Tuesday August 19 2014

Government to save Shs250 billion on malaria

Women wait to receive mosquito nets during a distribution e

Women wait to receive mosquito nets during a distribution exercise at St Martin Primary School in Mulago, a Kampala suburb yesterday. PHOTO BY RACHEL MABALA. 

By Agatha Ayebazibwe

KAMPALA- Following the completion of the distribution of treated mosquito nets across the country, the Minster for Health, Dr Ruhakana Rugunda, has said government will save more than $100m (Shs250b) if they are properly used.

Dr Rugunda was speaking at the launch of the last phase of the mosquito nets distribution campaign in Kampala at the weekend.

He said malaria-related deaths and illness will be reduced substantially; as well the amount of money government spends on malaria treatment annually.
Malaria takes the biggest percentage of the Ministry of Health budget, according to Dr Rugunda.

Dr Myers Lugemwa, the head of Malaria Control Programme, quoting a 2004 study, said Uganda loses $658m (Shs1.6 trillion) annually in treatment and management of malaria.

“The cost could be higher because this is an old study when we were still using Choroquine and Fansider to treat malaria. The current drug combinations we are using are more expensive and that’s why we think the cost is higher although we cannot statistically quantify it,” he said,
For every one case of severe malaria, government spends an average of Shs175,000.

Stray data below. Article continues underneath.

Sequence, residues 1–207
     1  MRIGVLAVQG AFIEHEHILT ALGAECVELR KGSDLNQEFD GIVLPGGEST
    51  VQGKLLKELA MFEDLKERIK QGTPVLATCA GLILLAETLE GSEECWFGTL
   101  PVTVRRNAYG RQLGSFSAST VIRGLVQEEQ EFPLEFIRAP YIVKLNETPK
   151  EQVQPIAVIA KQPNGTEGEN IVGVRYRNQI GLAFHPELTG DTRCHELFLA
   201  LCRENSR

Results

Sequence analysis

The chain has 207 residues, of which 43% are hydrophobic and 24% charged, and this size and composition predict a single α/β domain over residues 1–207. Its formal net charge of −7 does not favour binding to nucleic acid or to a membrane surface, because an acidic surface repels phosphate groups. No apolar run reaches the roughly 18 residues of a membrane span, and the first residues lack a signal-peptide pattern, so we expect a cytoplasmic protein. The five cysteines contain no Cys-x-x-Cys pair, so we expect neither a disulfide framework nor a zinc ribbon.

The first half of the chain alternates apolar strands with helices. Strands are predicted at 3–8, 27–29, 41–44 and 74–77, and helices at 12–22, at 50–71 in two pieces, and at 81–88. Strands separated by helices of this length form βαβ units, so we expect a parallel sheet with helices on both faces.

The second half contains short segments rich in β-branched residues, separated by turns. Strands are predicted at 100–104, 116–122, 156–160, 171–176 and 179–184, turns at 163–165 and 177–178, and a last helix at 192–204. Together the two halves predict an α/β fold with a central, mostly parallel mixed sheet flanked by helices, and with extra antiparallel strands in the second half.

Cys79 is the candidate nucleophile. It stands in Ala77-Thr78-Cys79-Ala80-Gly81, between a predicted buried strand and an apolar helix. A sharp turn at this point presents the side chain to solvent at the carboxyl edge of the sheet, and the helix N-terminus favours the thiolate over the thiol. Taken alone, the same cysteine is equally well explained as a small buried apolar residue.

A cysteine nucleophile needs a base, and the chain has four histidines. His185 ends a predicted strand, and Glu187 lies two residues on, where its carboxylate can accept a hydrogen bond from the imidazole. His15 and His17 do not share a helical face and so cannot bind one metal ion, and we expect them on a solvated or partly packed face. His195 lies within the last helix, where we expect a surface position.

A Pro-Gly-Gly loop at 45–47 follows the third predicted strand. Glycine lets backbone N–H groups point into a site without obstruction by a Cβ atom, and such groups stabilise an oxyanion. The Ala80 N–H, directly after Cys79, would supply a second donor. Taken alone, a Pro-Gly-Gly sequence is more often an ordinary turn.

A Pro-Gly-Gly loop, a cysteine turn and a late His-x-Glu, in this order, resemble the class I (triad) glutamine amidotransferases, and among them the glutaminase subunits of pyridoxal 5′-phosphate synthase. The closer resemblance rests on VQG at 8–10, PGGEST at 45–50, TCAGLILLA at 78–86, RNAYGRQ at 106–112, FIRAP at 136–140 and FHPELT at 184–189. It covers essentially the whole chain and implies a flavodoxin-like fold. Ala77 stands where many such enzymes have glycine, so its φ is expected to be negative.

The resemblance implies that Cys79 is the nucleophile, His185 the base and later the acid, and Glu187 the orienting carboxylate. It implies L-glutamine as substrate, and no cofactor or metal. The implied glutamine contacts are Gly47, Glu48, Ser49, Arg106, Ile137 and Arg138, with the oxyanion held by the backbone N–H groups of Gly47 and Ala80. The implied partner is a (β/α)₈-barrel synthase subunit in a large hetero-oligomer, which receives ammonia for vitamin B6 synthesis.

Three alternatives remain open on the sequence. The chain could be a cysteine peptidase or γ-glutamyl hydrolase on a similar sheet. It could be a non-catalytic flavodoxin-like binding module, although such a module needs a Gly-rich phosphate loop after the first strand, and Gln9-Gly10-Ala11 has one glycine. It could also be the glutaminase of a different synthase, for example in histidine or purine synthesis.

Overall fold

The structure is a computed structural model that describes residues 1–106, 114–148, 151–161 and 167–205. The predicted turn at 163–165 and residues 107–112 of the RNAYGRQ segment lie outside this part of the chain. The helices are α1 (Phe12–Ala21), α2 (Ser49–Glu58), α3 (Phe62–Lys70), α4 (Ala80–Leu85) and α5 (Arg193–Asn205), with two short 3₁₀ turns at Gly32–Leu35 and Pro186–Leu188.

However, Dr Lugemwa said households suffer more as they spend more than 25 per cent of their incomes to treat malaria.

Malaria remains the number one killer disease claiming at least 80,000 people, both adults and children under five years every year, according to the 2013 Ministry of Health sector performance review.

The report also indicates that the number of malaria cases reported at health facility level increased from 13 million in 2012 to 15.7 million people in 2013.

This means nearly half the entire population suffered from malaria despite all interventions put in place to combat the disease.

But Dr Rugunda and ministry officials are optimistic that after scaling up intervention, including the universal net exercise, the malaria cases will be reduced and so is the amount of money spent on managing the disease.

Other interventions that the Health ministry is implementing include Indoor residue spraying currently ongoing in the 15 most high burden districts in parts of northern Uganda as well as larviciding in Nakasongola District, where its being piloted.

Larviciding involves killing the larvae in the breeding habitat before they can mature into adult mosquitoes and disperse using Chemicals.
Treatment of breeding habitats helps reduce the adult mosquito population in nearby areas.